As someone who moves around a lot, I never hold onto much stuff. Typically, most of my belongings fit into 3 suitcases. Needless to say, I get rid of stuff easily. But since having a child, I want to hold onto everything. Artwork, medical records, pictures, clothing. But then I’m left with a bunch of stuff, no real use for any of it, and nowhere to put it all. So in comes the shadow box.
A shadow box is a way to store or display important mementos and keepsakes. As long as they are no longer needed, but still holds meaning and value. Things you love, and probably always will. This could be a collection of stuff from your wedding, college days, your child, school, or anything, really. The shadow box allows your treasures to be stored, displayed or hung on the wall in a beautiful manner. You will make use of the things you love by putting them on display, while also containing your collections into more manageable sizes.
Below are the ONLY steps I took to make my own shadow box. It took less than one afternoon to complete. Now it may not turn out like a Pinterest poster, but it will be yours. And I promise you’ll love it.
STEP 1: Decide what you want to make a shadow box for (wedding, baby, school, travel, home decor). Then collect all the items related to that memory that you may want to put in the box (pictures, receipts, cards, accessories, keepsakes).
STEP 2: Choose what style and size of shadow box would be most appropriate. Shadow boxes come in a variety of shapes, sizes, colors and materials. This is the one I selected, its basic and black so will match with everything. It was also the biggest size I could find at a decent price. Since I live in Japan I had to order, I couldn’t go to Michaels or other craft stores that carry shadow boxes. But if those stores are nearby, you may have more options.
STEP 3: Gather all the materials you might want or need in the creation of your shadow box. Honestly, I only used what I had on hand. There’s no need to spend money on stuff that may not work, or you may not even use. Here is all I used: scissors, scotch tape, tacks and paper clips.
STEP 4: Get to work. Start arranging your keepsakes on the provided paper inside the box. Keep working until you find a layout that works for your style, and your stuff. This is a lot of trial and error. Depending on how many pieces you have, and the size of your items. You may end up moving things over, and over, and over again. Also, feel free to cut, trim, or remove any bits that aren’t necessary, or are wasting valuable space. But remember once you cut, it’s gone. After you have a solid layout that you like, you can start taping. I used glue at first, but it didn’t work as well. Scotch tape held strong, but also allowed me to move pieces around if I didn’t like where I originally put them.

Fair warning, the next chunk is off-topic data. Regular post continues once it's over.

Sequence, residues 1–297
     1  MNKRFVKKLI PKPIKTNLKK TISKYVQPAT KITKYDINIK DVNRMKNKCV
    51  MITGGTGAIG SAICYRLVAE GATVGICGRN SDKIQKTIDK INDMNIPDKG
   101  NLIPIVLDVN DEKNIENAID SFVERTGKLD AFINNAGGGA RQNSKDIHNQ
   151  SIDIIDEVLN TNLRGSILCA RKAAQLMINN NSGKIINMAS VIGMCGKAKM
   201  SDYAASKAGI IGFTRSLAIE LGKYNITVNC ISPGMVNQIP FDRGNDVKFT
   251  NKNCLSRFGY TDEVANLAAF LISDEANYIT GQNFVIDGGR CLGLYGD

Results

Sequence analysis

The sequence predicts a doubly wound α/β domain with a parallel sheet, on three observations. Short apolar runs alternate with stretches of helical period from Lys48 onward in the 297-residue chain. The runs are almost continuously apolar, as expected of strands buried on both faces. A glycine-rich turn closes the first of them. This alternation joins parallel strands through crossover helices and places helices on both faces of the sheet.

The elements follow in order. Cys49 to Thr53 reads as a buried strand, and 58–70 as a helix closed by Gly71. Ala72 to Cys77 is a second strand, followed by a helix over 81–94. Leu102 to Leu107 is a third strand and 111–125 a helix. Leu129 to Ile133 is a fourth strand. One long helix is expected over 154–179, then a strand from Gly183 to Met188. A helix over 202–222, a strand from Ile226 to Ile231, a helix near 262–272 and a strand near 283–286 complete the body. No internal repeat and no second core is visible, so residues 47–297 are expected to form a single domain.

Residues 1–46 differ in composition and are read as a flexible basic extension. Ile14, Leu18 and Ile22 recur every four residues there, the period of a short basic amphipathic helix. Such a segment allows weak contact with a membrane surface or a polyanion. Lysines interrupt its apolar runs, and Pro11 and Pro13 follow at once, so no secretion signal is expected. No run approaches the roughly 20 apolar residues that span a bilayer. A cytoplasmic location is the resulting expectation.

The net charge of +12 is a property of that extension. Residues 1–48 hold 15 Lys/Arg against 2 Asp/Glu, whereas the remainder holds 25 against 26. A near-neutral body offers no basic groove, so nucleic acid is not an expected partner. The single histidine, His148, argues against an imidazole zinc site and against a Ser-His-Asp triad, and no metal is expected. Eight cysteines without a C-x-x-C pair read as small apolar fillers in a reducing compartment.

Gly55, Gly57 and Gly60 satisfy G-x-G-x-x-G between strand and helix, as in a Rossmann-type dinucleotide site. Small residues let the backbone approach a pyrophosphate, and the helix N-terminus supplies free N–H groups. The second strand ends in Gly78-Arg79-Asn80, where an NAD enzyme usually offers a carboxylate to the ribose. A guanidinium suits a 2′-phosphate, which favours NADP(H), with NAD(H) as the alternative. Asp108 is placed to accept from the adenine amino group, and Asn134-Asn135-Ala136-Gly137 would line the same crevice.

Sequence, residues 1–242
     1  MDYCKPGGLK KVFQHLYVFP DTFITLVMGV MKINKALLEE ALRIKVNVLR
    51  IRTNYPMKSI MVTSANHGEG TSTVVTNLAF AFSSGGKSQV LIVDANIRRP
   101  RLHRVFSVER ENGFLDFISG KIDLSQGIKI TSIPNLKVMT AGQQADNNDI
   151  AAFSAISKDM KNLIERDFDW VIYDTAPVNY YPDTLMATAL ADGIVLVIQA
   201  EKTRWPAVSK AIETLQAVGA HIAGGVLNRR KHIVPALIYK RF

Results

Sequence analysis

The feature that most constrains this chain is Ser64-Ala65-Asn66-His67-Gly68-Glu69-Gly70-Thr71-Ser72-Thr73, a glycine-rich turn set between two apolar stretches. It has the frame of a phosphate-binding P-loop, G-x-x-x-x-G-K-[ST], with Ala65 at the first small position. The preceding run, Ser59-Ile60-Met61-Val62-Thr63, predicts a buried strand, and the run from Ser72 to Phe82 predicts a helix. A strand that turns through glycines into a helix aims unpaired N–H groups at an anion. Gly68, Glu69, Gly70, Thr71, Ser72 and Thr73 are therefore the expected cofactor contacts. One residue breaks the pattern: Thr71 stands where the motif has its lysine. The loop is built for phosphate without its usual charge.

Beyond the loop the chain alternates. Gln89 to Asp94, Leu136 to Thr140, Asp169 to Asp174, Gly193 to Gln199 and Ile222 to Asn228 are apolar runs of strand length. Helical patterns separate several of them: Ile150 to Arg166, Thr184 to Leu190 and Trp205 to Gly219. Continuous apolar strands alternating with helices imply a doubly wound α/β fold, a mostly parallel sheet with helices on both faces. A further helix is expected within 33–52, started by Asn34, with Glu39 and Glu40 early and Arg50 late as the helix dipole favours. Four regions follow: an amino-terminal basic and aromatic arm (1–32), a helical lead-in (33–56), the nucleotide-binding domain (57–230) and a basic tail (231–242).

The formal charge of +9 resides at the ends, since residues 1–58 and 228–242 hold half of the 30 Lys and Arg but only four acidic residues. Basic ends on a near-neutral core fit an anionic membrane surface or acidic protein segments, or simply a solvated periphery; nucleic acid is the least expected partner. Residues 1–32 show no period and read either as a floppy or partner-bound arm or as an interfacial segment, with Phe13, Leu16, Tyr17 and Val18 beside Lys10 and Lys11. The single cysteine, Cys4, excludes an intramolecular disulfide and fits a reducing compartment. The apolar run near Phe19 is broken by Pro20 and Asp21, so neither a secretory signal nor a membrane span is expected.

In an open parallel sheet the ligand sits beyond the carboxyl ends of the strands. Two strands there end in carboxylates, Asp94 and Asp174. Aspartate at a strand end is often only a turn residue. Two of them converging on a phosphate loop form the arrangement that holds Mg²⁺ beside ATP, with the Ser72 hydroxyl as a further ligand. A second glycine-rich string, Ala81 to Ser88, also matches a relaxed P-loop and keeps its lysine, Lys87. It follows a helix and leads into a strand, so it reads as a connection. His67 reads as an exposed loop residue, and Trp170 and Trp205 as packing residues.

Be patient, as you may need to get innovative with how you display your items. 3-D pieces may require tacks, safety pins or hot glue if you want them held up. Or else you may just rest them at the bottom of the box. Be creative and make whatever you have work for you. Have fun with this step, this is your own creation.
STEP 5: See how it looks all put together. If you have determined your layout, you can now put the box back together. Once it has the frame around it, things may look different. You may choose to alter, change or remove some items, which is okay. I changed my pieces endlessly until I found what I wanted. Which is exactly why I only used scotch tape. Also, if you see your final design and decide its missing something that you don’t have. Great. Whenever you can, buy the missing piece, and add it in later.
STEP 6: Adore your creation, and be proud of all the work you put into it. It’s your own masterpiece, and now you get to decide where you will keep it. On a wall, in a closet, on a shelf. Find your shadow box a home, where it will bring you and others joy.
STEP 7: Clean. I want to say this is the worst part, but really it isn’t. If you kept things simple, there shouldn’t be much to clean up. I did mine on my bed, and cleaning took maybe one minute. As for the leftover pieces that you collected but didn’t use, you have several options. First of all, you could just throw them out. Since you don’t need them anymore, and have already selected which items to display within your shadow box. The leftover pieces are almost irrelevant as they didn’t make the cut. But if some keepsakes still hold deep meaning, you can keep them in a box for storage, as shown below. That way, you will know where they are, and they’ll still be contained. But won’t be out on display.
Here’s the struggles I ran into with my shadow box. Maybe they can help you with yours.
- I left the keepsakes out on my desk before I actually started the project and my daughter drew all over them. It adds character right?
- I didn’t use a background paper so I had to make sure every-single-inch of the box was covered with something. But I did get to use my daughter’s drawings and other items as backdrops, making it all very personal.
- Items shifted when I put the frame on, so it took me many tries before I got it how I wanted. Once the frame was one, things stayed put. You just need to move your layout from outside of the shadow box, into it.
- I didn’t have a huge variety of glues, tapes, or craft accessories. But this meant I really had to invent ways to make things stay where I wanted. So you don’t need everything. Make what you have work.
- My pregnancy stick got wedged sideways and wouldn’t move. It was literally stuck in the most awkward position. I had to shake the box vigorously until it got dislodged. After which I played labyrinth with the stick until the placement was right.
Be okay with the process, it will all work out wonderfully. After all the setbacks, mine turned out way better than I expected: